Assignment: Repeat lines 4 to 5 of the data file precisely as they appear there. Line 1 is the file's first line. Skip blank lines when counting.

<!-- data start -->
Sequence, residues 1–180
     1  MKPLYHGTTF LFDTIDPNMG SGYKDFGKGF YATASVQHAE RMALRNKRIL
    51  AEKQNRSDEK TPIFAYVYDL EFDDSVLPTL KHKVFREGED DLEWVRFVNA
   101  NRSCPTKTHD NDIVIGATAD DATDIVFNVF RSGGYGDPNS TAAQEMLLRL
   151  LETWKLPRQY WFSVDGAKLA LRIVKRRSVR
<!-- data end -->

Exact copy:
   101  NRSCPTKTHD NDIVIGATAD DATDIVFNVF RSGGYGDPNS TAAQEMLLRL
   151  LETWKLPRQY WFSVDGAKLA LRIVKRRSVR